Now I was lucky enough to have a background where I could afford to attend the best clubs in my region, however it was extremely stressful and hard on my parents. As many who play sports know, the friendly ole carpool is key to making that work. That said, living in Pittsburgh, I had a short stint with the Columbus Crew Academy system. Ultimately this was a perfect scenario – I was playing with the number one recruit of my class (Will Trapp), I was in the U.S Academy System, and as a player I was developing under one of the best programs in the U.S. However, it was a four plus hour drive from Pittsburgh to practice four times a week – not including weekend travel across the nation for games. As a result, I ultimately had to quit the perfect scenario because it was too hard and financially difficult for my parents. Although I had to quit, I had the ability to get in front of the right people, where others might not even be able to afford or make it to a practice at their local club. Scenarios like this make me think about how many Tim Howards and Clint Dempseys we are losing through this system.
Taking a look at the map below, you will see where all of the U.S. Soccer Academies reside for U-15 to U-19. A quick glance will show we lack the proper development foundation.
We currently develop our soccer players opposite to how our basketball players are bred. Think about the rec centers and rutted outdoor courts with frayed nets, without coaches or parents, without uniforms or referees, in pick-up games where kids hone one-on-one skills without the fear of adult disapproval, with freedom and creativity. Any soccer mind would be reminded of the Brazilian greats, but imagine that same creativity being developed in the U.S. by simply allowing players to play openly and for love of the sport.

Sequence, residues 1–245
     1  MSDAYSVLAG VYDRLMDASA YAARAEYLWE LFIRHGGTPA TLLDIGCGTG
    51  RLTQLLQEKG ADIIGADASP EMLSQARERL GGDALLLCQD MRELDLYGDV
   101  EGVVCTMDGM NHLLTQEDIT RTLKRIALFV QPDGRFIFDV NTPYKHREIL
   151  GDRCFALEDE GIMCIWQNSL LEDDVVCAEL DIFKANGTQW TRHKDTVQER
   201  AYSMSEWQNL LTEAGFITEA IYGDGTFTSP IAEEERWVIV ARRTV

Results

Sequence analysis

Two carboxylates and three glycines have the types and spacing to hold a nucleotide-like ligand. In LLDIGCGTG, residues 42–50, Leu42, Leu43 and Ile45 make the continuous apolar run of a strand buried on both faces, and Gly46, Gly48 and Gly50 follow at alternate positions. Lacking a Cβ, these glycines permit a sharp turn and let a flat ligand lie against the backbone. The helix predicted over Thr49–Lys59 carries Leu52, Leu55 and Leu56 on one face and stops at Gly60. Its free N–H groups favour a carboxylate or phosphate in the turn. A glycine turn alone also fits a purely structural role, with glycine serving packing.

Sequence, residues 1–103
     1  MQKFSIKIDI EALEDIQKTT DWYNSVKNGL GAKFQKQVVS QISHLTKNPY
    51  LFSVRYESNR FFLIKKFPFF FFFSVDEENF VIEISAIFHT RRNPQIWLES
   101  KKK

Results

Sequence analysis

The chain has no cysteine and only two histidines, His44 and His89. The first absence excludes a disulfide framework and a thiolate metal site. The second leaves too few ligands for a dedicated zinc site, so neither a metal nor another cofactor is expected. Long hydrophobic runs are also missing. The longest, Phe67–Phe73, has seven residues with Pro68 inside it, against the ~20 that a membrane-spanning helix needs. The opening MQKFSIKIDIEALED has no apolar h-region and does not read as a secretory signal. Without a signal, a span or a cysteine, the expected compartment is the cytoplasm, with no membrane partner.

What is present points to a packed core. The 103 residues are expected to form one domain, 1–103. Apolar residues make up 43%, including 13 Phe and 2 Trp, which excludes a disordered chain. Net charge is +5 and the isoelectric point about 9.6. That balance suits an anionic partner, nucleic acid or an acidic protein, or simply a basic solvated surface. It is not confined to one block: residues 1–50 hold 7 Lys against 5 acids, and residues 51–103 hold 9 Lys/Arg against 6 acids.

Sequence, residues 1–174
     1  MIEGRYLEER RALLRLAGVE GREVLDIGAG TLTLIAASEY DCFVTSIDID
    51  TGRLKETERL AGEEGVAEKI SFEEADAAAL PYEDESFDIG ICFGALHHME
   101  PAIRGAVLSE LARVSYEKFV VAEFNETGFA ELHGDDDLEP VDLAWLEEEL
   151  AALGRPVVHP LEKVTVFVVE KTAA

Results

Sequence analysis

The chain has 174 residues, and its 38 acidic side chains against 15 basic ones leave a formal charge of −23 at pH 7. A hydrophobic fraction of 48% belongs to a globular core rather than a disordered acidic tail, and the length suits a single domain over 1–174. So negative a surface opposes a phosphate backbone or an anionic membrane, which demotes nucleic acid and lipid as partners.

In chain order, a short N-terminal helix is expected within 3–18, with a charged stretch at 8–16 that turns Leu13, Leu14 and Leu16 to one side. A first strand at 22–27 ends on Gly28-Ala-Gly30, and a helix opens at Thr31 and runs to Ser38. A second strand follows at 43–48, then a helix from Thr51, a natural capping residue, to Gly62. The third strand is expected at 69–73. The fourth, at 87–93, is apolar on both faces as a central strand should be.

We tend to forget that the pay to play system we have in place today would of never allowed us to receive US soccer greats such as Tim Howard and Clint Dempsey if it was implemented when they were youth. Both individuals struggled financially and watched their local peers and family sacrifice everything to give them a chance. The Dempseys scrimped, saved and father Aubrey even sold his boat and hunting guns to fund Clint’s career and the six-hour round trip from their home in east Texas to Dallas. This is a risk still associated with the widespread ‘pay-to-play’ system in the US, where parents have to shell out for their youngsters to participate with elite youth clubs. Without that money – or a lucky break like Dempsey or Howard – then talents from lower socio-economic backgrounds can slip through the cracks.
Innovation is a cornerstone of U.S. culture in so many industries, and yet in soccer we train our players based upon a model introduced decades ago. Until we abandon our arrogance and complacency based upon past success, we will not adequately prepare our young players for the future. We have a unique opportunity now on both the men’s and women’s side of U.S. Soccer to rethink and redesign talent development.